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Reflux and heating techniques

G.Patton

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Introduction.

Just about 80% of the reactions in organic lab involve a step called refluxing. You use a reaction solvent to keep materials dissolved and at a constant temperature by boiling the solvent, condensing it, and returning it to the flask. The reflux method is also widely used in drug synthesis such as Amphetamine and Methamphetamine and other phenylethylamines, LSD, some synthetic cannabinoids, CBD isomerization, MDMA and many other cases. This technique quite simple but you haven't to underestimate its danger and take all precautions.​

Overview of Reflux.

A reflux setup (Fig. 1) allows for liquid to boil and condense, with the condensed liquid returning to the original flask. A reflux setup is analogous to a distillation, with the main difference being the vertical placement of the condenser. The liquid remains at the boiling point of the solvent (or solution) during active reflux.​
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A reflux apparatus allows for facile heating of a solution, but without the loss of solvent that would result from heating in an open vessel. In a reflux setup, solvent vapors are trapped by the condenser, and the concentration of reactants remains constant throughout the process. The main purpose of refluxing a solution is to heat a solution in a controlled manner at a constant temperature. For example, imagine that you want to heat a solution to 60℃ for one hour in order to conduct a chemical reaction. It would be difficult to maintain a warm water bath at 60℃ without special equipment, and it would require regular monitoring. However, if methanol was the solvent, the solution could be heated to reflux, and it would maintain its temperature without regular maintenance at the boiling point of methanol (65℃). True, 65℃ is not 60℃ and if the specific temperature were crucial to the reaction, then specialized heating equipment would be necessary. But often the boiling point of the solvent is chosen as the reaction temperature because of its practicality.​

Step-by-Step Procedures.

1. Pour the solution to be refluxed into a round bottomed flask, and clamp it to the ring stand or latticework with an extension clamp and small rubber gasket (Fig.2 a and video). The flask should be no more than half full. There aren't rubber gaskets in the figs for unknown reasons. If you are using high-temperature boiling (>150℃) or flame heating, they cannot be used.

2. Add a stir bar or few boiling stones for bump prevention. Boiling stones should not be used when refluxing concentrated solutions of sulfuric or phosphoric acid, as they will colorize the solution. For example, when a stir bar is used for bump prevention with concentrated sulfuric acid, the solution remains colorless (Fig.2 b). When the same reaction is conducted using a boiling stone, the solution darkens during heating (Fig.2 c) and eventually turns the entire solution a deep purple-brown color (Fig.2 d).​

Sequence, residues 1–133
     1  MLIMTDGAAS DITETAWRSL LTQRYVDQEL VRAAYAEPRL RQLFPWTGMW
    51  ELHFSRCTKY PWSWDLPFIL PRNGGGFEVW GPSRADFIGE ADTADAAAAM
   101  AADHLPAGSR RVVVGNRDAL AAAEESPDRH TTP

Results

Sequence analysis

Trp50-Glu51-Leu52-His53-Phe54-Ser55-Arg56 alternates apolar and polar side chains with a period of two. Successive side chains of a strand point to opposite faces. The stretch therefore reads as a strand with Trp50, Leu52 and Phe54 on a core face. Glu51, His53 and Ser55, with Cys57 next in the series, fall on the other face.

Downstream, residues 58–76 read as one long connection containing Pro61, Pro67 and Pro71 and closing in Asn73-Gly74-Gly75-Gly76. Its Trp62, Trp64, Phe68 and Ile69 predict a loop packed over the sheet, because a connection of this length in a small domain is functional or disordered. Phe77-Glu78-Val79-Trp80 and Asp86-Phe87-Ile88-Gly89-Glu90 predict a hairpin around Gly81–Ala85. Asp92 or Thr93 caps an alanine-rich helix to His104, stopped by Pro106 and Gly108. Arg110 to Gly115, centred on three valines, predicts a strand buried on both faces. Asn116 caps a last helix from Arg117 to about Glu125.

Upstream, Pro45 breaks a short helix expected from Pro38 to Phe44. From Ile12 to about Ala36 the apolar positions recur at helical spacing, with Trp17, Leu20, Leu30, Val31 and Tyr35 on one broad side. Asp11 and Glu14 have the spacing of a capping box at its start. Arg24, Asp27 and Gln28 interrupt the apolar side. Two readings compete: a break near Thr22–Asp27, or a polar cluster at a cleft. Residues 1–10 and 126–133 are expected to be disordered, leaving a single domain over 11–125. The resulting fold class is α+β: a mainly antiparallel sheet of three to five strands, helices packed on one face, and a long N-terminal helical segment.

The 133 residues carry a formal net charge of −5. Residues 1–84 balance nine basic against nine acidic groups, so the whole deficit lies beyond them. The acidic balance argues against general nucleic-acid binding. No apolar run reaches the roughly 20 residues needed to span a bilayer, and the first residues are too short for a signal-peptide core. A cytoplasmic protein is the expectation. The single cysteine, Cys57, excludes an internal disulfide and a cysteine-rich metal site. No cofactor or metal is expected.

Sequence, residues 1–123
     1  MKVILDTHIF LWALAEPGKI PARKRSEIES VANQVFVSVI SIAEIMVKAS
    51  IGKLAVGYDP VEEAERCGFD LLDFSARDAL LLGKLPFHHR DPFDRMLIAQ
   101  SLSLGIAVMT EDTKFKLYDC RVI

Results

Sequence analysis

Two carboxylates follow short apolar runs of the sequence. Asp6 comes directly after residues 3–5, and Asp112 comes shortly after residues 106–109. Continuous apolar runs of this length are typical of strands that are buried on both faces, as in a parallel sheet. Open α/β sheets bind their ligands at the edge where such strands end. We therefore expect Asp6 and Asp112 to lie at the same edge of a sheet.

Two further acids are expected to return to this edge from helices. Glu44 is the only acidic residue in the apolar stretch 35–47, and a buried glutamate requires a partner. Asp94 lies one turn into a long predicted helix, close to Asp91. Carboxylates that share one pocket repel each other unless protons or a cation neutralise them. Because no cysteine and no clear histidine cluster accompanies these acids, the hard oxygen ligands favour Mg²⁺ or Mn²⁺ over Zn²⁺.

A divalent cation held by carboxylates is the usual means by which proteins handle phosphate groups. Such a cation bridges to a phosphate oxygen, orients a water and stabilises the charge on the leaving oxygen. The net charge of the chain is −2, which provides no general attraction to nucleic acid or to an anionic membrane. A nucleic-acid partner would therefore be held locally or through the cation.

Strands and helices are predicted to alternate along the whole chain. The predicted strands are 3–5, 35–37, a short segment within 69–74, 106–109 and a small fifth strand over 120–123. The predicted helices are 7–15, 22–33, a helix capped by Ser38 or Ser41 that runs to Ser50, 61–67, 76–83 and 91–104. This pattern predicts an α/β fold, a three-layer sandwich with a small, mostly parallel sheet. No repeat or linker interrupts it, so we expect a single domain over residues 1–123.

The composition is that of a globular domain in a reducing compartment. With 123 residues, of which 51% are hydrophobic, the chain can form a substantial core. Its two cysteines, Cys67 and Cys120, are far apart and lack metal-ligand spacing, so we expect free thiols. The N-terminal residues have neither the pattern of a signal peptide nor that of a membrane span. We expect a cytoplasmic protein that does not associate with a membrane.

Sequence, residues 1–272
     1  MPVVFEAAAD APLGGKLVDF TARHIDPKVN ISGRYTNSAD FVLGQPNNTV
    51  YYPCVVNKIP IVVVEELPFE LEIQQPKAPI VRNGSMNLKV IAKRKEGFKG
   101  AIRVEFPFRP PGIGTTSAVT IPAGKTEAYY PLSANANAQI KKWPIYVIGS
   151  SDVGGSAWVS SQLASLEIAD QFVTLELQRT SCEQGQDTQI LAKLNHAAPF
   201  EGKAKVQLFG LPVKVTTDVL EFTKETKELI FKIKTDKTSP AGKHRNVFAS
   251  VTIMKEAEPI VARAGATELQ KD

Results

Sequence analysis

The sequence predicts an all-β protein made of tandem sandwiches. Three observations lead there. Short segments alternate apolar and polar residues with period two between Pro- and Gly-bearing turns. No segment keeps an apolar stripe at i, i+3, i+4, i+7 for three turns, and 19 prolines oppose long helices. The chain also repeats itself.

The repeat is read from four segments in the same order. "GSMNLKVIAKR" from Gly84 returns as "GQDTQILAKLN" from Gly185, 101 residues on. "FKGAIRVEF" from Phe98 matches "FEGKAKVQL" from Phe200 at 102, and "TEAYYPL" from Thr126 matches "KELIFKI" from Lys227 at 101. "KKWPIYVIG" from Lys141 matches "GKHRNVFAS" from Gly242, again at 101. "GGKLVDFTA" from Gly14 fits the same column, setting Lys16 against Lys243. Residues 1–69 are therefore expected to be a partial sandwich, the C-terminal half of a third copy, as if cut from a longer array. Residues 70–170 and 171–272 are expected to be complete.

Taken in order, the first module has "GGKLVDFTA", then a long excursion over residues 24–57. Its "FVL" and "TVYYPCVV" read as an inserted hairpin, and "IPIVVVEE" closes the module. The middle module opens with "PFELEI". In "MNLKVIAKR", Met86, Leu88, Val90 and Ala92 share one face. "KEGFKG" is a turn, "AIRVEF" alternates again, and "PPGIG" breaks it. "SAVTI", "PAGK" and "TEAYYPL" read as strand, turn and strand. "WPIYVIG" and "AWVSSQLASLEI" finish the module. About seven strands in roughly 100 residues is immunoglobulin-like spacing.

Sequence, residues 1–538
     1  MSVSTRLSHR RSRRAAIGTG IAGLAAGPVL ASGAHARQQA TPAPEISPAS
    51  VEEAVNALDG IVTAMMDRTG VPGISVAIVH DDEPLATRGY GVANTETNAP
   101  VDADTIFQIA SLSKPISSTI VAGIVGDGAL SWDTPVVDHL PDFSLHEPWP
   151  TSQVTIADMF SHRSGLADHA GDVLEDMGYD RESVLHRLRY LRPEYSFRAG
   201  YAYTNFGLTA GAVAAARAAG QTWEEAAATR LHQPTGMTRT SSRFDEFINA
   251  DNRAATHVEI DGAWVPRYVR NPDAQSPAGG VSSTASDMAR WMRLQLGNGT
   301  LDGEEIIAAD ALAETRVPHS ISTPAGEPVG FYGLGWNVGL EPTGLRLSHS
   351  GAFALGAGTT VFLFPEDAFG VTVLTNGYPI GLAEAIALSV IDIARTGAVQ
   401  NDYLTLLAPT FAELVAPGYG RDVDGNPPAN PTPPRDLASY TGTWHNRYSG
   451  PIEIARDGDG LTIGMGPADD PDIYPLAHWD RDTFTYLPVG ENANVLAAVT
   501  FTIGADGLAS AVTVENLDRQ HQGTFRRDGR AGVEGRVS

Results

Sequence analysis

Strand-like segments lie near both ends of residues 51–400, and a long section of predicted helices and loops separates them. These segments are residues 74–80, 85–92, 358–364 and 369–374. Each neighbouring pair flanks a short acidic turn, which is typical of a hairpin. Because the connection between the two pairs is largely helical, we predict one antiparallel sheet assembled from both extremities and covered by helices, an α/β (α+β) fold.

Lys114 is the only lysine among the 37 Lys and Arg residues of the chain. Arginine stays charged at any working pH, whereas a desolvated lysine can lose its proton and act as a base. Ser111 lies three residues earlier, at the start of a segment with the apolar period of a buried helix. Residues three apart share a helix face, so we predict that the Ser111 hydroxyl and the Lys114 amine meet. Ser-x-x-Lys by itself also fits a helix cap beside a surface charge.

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a) Pouring in solution, b) Reaction using a stir bar (solution is colorless), c+d) Same reaction using boiling stones​

3. Place rubber hoses on a condenser (wet the ends first to allow them to slide on), then attach the condenser vertically to the round bottomed flask. If using a tall condenser, clamp the condenser to the ring stand or latticework (Fig.3 a). Be sure the condenser fits snugly into the flask. Safety note: if the pieces are not properly connected and flammable vapors escape, they may be ignited by the heat source. Do not connect the round bottomed flask and condenser with a plastic clip, as shown in Fig.3 с. Plastic clips can sometimes fail (especially when they are heated), and this setup does not allow for the flask to be reliably removed from the heat source at the end of the reflux.
Note: The higher the boiling point of your solvent (solvent mixture), the shorter you need a reflux condenser. Conversely, if your solvent boils at low temperatures (ether), use the longest Liebig reflux condenser.

4. Connect the hose on the lower arm of the condenser to the water faucet and allow the hose on the upper arm to drain to the sink (Fig.3 b). It is important that water goes in the bottom of the condenser and out the top (so water flows against gravity) or else the condenser will be ineffective as it will not fill completely.​
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5. If multiple solutions will be refluxed at the same time (e.g. if many students are performing a reflux side by side), the hoses from each reflux setup can be connected in series (Fig. 4). To accomplish this, the upper arm of "Setup A" which normally drains to the sink is instead connected to the lower arm of "Setup B." The upper arm of Setup B then drains to the sink. Connecting apparatuses in series minimizes the use of water, as water exiting one condenser enters the next. Several reflux setups can be connected in series, and the water flow should be monitored to ensure that all setups are adequately cooled.​